Family death five years ago

Originally Published: November 1, 1993 - Last Updated / Reviewed On: May 9, 2014
Share this
Dear Alice,

I am a generally happy graduate student here, with family nearby and good friends. However, I wanted to ask if maybe I should try counseling. When I was in my late teens, I had a traumatic family experience (death of a family member). Some months later I entered college, and promptly began to drink like a fish. I don't really know, to this day, how much of it was for fun and companionship and whatever, and how much was to dull the pain of recent events at home. Anyway, I stopped drinking the next year, and have since drunk alcohol with no signs (to me) that I had an alcoholism problem, which was often suggested to me that first year of college.

Now, I am in school, doing what I want, and involved for the last two years with a man I love very much, and who loves me. We are headed for long-term commitment, but I am afraid of wrecking it, because I often feel like I am freaking out and will sometimes cry and become very, very depressed, I think over these events I have mentioned. My guess, unfortunately, is that I have a tendency for melodrama and depression anyway. In which case, I would just try to rein my emotions in and get control of myself. I need some reassurance, I guess.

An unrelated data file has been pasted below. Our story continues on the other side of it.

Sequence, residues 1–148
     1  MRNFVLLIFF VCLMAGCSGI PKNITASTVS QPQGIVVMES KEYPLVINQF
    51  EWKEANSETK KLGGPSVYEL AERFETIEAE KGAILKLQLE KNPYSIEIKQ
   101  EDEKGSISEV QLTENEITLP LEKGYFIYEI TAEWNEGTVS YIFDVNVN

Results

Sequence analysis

—Emotion-laden

Dear Emotion-laden,

It's wonderful that you're doing what you love, are generally happy, and in a relationship with a supportive partner who loves you. But while your life is going well now, and is removed five years from the traumatic event, time and distance alone don't always make hard experiences and emotions disappear. You mention an interest in an objective opinion — spending time with a counselor could provide a helpful perspective for dealing with the intense grief and after-effects of your loss. Some counselors are trained specifically to help people understand and heal from traumatic situations and the accompanying feelings of grief and anxiety that often surface as a result.

It's very common, and in fact healthy, to be deeply sad and affected when someone close to you passes away. But you don't have to grieve alone. It's great that your boyfriend is understanding, but working with a counselor to process difficult emotions could take some of the pressure off of your relationship, and could help you feel less anxious about "wrecking it" out of depression or anxiety. From what you describe, alcohol played a larger role during your first year than it does now. In addition to helping you cope with your grief, counseling may also offer some insight into your relationship with alcohol. A counselor won't tell you what to do, but will help you determine the answers and solutions that work best for you.   

If you are a student at Columbia (grad or undergrad), you can make an appointment with Counseling and Psychological Services (Morningside) or the Mental Health Service (CUMC) to speak with a mental health professional. It might also be helpful take a look at the linked Q&As below which relate to grieving and alcohol use in response to emotional distress.

With hope that insight and support will offer you strength and healing,

Alice